Wednesday, July 20, 2016
West Indian Mahogany - Swietenia mahagoni
The West Indian Mahogany - Swietenia mahagoni, is best recognized by the fissured brown bark, leaves with curved leaflets and large fruit capsule. It is a evergreen or semi deciduous tree that reaches heights of 50-85 feet and grows in an erect fashion with a broad crown. It is native to subtropical hammocks, commonly grown in private gardens, along roadsides and in highway medians in South Florida. The Swietenia is a small genus of only 3 species distributed in tropical West Africa and tropical America.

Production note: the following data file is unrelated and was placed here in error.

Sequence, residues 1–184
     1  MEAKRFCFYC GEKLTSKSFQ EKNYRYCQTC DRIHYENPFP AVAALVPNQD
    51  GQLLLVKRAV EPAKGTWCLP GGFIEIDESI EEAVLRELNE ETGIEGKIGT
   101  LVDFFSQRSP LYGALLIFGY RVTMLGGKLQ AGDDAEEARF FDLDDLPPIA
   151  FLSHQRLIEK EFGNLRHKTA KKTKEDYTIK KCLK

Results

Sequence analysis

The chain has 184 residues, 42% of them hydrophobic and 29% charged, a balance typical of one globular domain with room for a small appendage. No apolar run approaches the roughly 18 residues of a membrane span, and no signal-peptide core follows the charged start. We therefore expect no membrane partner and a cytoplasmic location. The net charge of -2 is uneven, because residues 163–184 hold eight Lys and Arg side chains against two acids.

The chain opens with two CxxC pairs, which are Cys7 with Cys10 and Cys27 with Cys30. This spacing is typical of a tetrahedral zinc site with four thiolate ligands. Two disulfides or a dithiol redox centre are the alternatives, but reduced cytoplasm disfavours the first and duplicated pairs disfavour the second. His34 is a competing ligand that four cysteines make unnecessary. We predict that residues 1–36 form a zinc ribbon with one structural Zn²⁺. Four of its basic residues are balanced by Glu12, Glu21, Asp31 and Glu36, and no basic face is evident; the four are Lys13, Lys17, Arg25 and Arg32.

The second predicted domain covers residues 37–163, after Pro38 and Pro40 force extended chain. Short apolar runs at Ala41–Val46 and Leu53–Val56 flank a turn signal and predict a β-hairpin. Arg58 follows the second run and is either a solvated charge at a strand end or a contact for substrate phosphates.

The bark of the West Indian Mahogany is brownish and smooth when young, becoming reddish brown and fissured at maturity. The leaves are alternate, pinnately compound, absent of a terminal leaflet, with blades of 6-8 cms long and 4-8 leaflets (rarely as many of 20), usually recurved and asymmetric at the base. The upper leaf surfaces are a lustrous green, while the underside is a more yellow-green or brown-green. The flowers are uni sexual, 5-7 mm in diameter, 5 sepals, 5 petals and are orange-yellow or green-yellow in color. Male and female flowers both appear on the the same tree, the male have long non functional pistils, the females short pistils, 10 stamens with filaments fused into a tube surrounding the pistil. The fruit are a large egg shaped brown capsule that ranges in size from 6-13 cm long, each fruit splits into 5 parts that release numerous flat winged seeds. Both the fruit and flowers occur/appear year round.